In a time where the COVID-19 pandemic, elections, climate crises and the ongoing reckoning with racial injustice all competed for headlines, Alex Upton ’21 and Dr. Amy Levad, associate professor of theology, were honored for their volunteer work addressing many of these challenges.
The two Tommies were announced April 13 as 2021 Campus Compact Presidents’ Award winners, representing St. Thomas. Campus Compact is a national coalition of colleges and universities, and its annual awards recognize and celebrate exemplary civic responsibility and community building.
Committed to closing the education opportunity gap, Upton earned recognition for his work with the Tutor-Mentor program and his leadership and volunteerism as student president of the Tommies Together Volunteer Center.
Since he was a first-year student, Upton has volunteered as a tutor-mentor, getting to know local middle schoolers one-on-one while supporting and cheering their academic success. As co-student-director of the Tutor-Mentor his sophomore and junior years, Upton helped increase the program’s mission-driven impact, growing from 44 volunteers to 211 volunteers.
Levad is recognized for her efforts to advance social and racial justice in the aftermath of the police killing of George Floyd. Harnessing the power of social media, Levad initiated a campaign to help people in neighborhoods affected by the unrest with supplies and necessities. Raising more than $12K, Levad partnered with a church in the heart of the 38th and Chicago neighborhood to help distribute goods according to community needs.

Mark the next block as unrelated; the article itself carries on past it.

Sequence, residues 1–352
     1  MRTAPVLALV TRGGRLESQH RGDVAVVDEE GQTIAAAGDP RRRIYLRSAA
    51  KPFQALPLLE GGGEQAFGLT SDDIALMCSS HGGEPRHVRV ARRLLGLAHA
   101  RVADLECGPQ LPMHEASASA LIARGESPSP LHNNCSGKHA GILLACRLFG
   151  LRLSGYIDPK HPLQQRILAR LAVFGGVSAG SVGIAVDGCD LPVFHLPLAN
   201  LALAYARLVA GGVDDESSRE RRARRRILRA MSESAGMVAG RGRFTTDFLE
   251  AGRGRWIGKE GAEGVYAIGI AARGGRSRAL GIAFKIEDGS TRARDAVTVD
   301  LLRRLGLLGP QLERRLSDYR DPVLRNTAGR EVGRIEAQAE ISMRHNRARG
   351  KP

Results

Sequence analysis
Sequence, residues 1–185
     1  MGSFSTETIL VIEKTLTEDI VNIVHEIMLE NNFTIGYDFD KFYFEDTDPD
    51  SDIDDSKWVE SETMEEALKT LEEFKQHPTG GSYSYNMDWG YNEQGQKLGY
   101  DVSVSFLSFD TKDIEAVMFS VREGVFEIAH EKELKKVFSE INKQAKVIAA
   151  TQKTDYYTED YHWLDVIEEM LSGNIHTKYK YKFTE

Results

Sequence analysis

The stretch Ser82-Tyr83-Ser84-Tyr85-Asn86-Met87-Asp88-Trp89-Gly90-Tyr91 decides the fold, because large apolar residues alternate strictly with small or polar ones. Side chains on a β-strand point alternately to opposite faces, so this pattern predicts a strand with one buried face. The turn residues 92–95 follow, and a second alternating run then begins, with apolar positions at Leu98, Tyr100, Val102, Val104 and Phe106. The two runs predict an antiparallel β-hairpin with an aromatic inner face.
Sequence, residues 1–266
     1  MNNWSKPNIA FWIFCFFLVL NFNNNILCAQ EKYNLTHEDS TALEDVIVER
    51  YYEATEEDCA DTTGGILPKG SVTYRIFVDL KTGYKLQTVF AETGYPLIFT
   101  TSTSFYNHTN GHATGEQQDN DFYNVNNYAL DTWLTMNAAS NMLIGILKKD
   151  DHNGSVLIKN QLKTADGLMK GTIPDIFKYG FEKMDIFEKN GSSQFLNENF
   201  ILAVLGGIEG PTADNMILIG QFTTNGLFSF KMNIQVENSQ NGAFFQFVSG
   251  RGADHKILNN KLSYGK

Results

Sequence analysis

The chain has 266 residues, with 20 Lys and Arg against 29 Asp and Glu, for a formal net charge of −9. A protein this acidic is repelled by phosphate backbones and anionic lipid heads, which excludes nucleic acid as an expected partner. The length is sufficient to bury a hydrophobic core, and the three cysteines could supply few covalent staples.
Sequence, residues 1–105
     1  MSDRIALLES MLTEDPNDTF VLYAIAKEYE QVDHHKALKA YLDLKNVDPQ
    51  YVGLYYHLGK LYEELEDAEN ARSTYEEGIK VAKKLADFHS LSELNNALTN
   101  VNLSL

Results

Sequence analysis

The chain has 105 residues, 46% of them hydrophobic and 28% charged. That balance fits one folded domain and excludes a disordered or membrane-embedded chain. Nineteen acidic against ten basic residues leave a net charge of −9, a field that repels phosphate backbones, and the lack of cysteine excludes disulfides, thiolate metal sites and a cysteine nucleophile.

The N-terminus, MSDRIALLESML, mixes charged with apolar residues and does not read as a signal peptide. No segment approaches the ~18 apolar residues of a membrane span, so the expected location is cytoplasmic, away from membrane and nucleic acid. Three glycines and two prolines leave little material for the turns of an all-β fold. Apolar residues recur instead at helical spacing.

Levad subsequently helped develop the anti-racist educational series “Becoming Human: Dismantling Racism” for the College of Arts and Sciences. She was also part of a team of scholars who created a website Breakdown Whiteness, which provides resources for breaking down white supremacy.
The Center for Common Good leads the partnership with Campus Compact. Dr. Theresa Ricke-Kiely, executive director of the Center for the Common Good, said “the Campus Compact Presidents’ Awards allow us to celebrate people at our university who embody what it means to work hard to advance the common good beyond the grounds of our campuses.”
Ricke-Kiely said the awards capture just a snapshot of the community advocacy and activism Levad, Upton and many others do on and off campus.
“We have excellent nominations every year, and this year our committee – made up of faculty, staff and students from across the university – felt immense gratitude reading through all that our St. Thomas community had done to get involved during troubling and uncertain times.”
Also, an award winner representing St. Thomas is Keystone Community Services. Keystone Community Services is an integral partner in St. Thomas’ fight against
food insecurity on its St. Paul campus. Through use of their mobile food shelf, Keystone brings groceries to St. Thomas students as well as community members across Ramsey county. In addition to their food programs, Keystone conducts youth development programs, senior enrichment programs, and continues to build community through innovation.